Oral mucosal melanoma originates from malignant transformation and clonal expansion of neural crest-derived melanocytes in the basal cell layer of the oral epithelium or the lamina propria of the oral mucosa. The etiology is unknown, and there is no evidence showing that repeated trauma, chronic inflammation, human papilloma virus infection, or tobacco smoking plays an important role in pathogenesis. The only known risk factor is conventional mucosal hyperpigmentation [5].
Oral mucosal melanoma is usually painless and flat, with black, dark brown, or discolored macules or nodules. In rare cases, it may be amelanotic, as in the current case. The difference between pigmented and non-pigmented melanoma is distinguished only by the presence or absence of melanin pigment, and the exact reason for this difference is not yet clear. Oral amelanotic melanoma is sometimes accompanied by erythema or ulceration. Most cases are painless in the early stages with acceptable progress to some extent, although it finally causes pain due to ulceration, growth, or bleeding. Because of these features, amelanotic melanoma has a poorer prognosis owing to the delay in diagnosis and initiation of treatment [8].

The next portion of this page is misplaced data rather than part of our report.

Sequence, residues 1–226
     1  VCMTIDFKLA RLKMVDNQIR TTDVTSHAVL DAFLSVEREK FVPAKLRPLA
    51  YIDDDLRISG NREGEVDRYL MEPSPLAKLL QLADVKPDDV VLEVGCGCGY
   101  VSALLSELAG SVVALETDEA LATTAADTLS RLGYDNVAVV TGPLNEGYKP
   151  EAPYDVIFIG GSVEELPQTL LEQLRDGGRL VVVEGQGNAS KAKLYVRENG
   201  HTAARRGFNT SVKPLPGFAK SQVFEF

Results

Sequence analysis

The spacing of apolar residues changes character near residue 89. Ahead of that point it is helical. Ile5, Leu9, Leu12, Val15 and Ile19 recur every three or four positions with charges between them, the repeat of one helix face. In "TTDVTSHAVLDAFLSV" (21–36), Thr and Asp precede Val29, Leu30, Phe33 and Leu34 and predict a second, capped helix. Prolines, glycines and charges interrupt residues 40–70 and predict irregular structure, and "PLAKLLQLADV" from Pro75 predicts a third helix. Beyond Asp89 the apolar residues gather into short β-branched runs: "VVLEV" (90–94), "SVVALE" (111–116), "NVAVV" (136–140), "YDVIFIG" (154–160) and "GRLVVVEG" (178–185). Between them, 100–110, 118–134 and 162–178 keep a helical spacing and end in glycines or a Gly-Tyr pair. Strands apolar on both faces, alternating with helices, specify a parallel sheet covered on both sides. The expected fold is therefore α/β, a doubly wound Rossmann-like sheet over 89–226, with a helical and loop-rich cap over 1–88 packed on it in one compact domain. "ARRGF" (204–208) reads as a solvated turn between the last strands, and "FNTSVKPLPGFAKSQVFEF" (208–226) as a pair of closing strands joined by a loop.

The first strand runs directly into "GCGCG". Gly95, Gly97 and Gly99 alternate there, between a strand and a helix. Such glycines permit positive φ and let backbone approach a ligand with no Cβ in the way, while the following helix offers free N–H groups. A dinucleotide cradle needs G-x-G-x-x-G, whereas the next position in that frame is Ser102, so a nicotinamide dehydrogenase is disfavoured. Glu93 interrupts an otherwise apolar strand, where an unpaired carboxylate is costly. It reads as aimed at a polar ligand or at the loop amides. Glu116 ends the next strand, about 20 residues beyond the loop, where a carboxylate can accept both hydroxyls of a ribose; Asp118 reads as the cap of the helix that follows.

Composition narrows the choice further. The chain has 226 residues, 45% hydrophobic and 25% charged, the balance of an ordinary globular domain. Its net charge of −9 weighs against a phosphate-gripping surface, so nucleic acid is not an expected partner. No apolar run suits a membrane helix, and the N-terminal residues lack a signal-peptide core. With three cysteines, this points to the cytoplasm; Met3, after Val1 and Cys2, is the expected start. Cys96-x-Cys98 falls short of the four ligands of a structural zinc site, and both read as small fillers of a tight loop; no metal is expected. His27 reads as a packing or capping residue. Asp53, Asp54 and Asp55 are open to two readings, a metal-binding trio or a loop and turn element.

A pigmented lesion that cannot be confirmed as benign must be biopsied. If the lesion is large, an incisional biopsy of the most suspicious area is performed. If the lesion is small, an excisional biopsy of the lesion with 1-mm margin is performed. Exfoliative cytology or fine-needle aspiration is contraindicated for primary pigmented lesions. Incisional biopsy must be performed carefully, as it can cause dissemination of malignant cells. In the presence of cervical lymphadenitis, fine-needle aspiration cytology must be performed to determine the presence of malignant cells.